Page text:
Showing posts from 2018

Disabling Unauthenticated Binds in Active Directory

In January last year, I wrote a (long) post detailing a curious behavior I stumbled across in Active Directory's LDAP interface. By providing a username, but leaving the password blank, you were authenticated as an 'anonymous user'. This is technically a valid LDAP behavior, and is known as an 'unauthenticated bind'. However it's obscure, not well known, and the cause of many security vulnerabilities . To recap, the LDAP RFC states the following; 5.1.2.  Unauthenticated Authentication  Mechanism of Simple Bind An LDAP client may use the unauthenticated authentication mechanism of the simple Bind method to establish an anonymous authorization state by sending a Bind request with a name value (a distinguished name in LDAP string form [ RFC4514 ] of non-zero length) and specifying the simple authentication choice containing a password value of zero length The RFC goes on to acknowledge this is an objectively terrible idea, and recommends that servers

Announcing the Lithnet LAPS Web App

Microsoft's Local Admin Password Solution (LAPS) is a very important tool that protects against the risk of lateral movement of threats between computers when the same local admin password is used on each machine. It is an agent that is deployed to each computer that randomises and rotates the local administrator password on each machine, and securely stores it in the Active Directory. While the LAPS mechanism itself is robust and does exactly what it needs to do, the process of accessing the LAPS passwords, and auditing that access is not so straight forward. Support staff out in the field may not have easy access to the tools required to get those passwords. You either need to use PowerShell, LAPS client, or another directory tool such as AD Users and Computers. Auditing access to LAPS passwords is a bit of a nightmare. It requires configuring audit policies on domain controllers for directory object access, which is a very board audit category and can be very noisy. You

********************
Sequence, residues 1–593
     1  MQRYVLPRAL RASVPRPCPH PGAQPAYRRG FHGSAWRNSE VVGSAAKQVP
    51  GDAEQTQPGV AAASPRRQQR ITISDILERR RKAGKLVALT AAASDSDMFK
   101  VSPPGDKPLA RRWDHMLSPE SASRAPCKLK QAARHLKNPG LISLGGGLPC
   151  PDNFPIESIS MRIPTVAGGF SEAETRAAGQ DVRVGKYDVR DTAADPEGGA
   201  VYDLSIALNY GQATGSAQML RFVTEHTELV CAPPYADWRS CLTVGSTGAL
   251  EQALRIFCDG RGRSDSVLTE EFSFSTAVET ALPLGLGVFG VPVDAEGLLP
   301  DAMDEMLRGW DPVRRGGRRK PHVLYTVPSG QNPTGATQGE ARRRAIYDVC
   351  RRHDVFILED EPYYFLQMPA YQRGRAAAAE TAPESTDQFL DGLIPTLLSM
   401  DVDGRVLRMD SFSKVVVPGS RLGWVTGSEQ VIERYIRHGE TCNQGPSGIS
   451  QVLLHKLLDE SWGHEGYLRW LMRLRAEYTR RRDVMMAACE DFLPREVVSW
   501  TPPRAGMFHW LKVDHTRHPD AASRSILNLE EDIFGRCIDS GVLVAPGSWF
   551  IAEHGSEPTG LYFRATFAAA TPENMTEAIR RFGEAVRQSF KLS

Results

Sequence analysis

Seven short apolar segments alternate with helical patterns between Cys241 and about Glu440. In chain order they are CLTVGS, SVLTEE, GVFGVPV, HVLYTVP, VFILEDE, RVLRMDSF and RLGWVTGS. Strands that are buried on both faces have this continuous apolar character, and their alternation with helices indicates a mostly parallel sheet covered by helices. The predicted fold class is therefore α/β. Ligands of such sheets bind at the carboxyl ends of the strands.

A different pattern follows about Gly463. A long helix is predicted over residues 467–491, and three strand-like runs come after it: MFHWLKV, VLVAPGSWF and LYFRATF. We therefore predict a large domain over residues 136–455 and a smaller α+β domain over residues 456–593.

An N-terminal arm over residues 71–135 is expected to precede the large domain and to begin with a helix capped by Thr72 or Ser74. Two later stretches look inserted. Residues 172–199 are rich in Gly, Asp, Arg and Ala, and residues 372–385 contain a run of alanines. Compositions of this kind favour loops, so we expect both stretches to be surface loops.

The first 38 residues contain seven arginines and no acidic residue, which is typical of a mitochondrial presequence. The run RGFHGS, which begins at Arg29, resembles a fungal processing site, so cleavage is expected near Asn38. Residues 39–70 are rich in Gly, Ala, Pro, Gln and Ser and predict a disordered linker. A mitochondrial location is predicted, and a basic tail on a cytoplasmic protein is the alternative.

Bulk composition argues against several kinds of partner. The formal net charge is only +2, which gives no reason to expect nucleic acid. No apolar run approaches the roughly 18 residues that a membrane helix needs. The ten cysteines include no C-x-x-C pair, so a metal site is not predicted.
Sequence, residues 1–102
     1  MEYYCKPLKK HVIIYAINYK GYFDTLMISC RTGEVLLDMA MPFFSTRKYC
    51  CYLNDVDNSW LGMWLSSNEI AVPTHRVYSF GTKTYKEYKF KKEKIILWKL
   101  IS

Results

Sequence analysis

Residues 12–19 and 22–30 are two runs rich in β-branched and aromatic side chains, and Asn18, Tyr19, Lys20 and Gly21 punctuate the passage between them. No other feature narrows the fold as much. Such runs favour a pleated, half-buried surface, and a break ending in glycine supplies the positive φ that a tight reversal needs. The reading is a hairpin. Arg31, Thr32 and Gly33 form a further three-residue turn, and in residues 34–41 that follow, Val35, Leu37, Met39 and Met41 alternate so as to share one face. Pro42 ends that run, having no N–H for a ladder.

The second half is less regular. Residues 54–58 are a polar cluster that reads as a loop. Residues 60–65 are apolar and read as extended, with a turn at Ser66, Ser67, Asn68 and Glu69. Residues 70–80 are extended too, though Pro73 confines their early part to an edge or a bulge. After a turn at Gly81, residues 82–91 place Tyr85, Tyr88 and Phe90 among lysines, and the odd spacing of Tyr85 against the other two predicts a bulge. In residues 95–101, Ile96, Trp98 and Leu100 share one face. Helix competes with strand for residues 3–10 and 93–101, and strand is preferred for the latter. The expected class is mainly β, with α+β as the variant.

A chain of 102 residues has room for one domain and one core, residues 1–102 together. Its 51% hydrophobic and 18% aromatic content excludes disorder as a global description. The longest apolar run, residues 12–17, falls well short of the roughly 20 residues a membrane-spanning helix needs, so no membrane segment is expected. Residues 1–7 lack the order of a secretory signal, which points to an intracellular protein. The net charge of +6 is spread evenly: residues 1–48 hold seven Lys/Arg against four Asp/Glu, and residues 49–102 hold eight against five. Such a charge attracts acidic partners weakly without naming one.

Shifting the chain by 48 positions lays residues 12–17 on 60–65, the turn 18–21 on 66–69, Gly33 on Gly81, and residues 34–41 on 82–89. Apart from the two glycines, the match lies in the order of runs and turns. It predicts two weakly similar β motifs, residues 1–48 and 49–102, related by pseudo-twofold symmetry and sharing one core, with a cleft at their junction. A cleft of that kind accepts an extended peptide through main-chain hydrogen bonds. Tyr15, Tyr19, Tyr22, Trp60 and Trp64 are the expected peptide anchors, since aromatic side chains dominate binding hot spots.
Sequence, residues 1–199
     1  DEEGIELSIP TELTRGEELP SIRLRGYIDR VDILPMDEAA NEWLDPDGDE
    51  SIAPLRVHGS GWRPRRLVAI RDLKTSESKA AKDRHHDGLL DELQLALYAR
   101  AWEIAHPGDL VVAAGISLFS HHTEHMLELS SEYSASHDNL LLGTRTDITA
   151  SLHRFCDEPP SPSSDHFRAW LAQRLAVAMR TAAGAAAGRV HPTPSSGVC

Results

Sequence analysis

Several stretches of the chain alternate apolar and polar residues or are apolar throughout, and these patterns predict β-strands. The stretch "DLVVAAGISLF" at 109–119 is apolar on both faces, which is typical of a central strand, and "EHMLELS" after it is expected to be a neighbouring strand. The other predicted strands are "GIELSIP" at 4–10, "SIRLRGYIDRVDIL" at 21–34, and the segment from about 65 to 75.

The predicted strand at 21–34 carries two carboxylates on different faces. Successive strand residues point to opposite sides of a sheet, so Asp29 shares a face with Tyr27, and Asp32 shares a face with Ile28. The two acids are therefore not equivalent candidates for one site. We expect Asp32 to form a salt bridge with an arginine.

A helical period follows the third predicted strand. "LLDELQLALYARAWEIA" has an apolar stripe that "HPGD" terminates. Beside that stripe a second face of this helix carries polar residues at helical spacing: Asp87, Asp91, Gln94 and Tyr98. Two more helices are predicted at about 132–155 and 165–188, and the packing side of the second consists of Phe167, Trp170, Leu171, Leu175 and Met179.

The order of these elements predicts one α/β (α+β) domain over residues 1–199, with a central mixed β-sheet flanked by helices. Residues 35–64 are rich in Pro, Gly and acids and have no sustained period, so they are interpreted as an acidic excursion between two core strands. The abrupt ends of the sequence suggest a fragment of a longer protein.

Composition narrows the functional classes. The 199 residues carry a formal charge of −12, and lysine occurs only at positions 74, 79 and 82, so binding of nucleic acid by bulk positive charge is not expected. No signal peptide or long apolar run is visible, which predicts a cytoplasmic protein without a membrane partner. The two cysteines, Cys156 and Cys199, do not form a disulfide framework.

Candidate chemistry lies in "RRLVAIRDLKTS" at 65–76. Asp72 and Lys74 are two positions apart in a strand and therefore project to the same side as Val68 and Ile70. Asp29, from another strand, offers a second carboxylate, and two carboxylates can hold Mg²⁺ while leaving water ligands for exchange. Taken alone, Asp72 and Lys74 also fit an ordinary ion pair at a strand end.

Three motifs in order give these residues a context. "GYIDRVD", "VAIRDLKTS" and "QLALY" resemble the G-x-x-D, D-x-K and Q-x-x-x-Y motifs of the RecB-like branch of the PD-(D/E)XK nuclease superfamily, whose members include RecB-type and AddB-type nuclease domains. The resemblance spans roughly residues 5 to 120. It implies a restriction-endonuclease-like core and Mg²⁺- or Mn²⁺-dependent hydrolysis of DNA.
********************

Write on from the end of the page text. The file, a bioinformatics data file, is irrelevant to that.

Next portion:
The LDAP ‘authentication’ anti-pattern

You could walk into just about any organization today, and you’re bound to find an LDAP directory populated with its users. Look a bit further, and you’ll likely find one or more applications using that directory for ‘authentication’. I say 'authentication' with quotes, because LDAP authentication is something of a misnomer. LDAP is a directory access protocol, designed for reading, writing, and searching a directory service. It's not an authentication protocol. LDAP authentication typically refers to the part of the protocol (binding) that is meant to establish who you are in order to determine what privileges you have to the information in the directory.  Over time, it’s become a de facto authentication service. The wide-spread availability of LDAP services, such as Active Directory, has turned it into an easy win for software developers who are looking to build authentication into their products. LDAP client libraries are available for just about any framework, and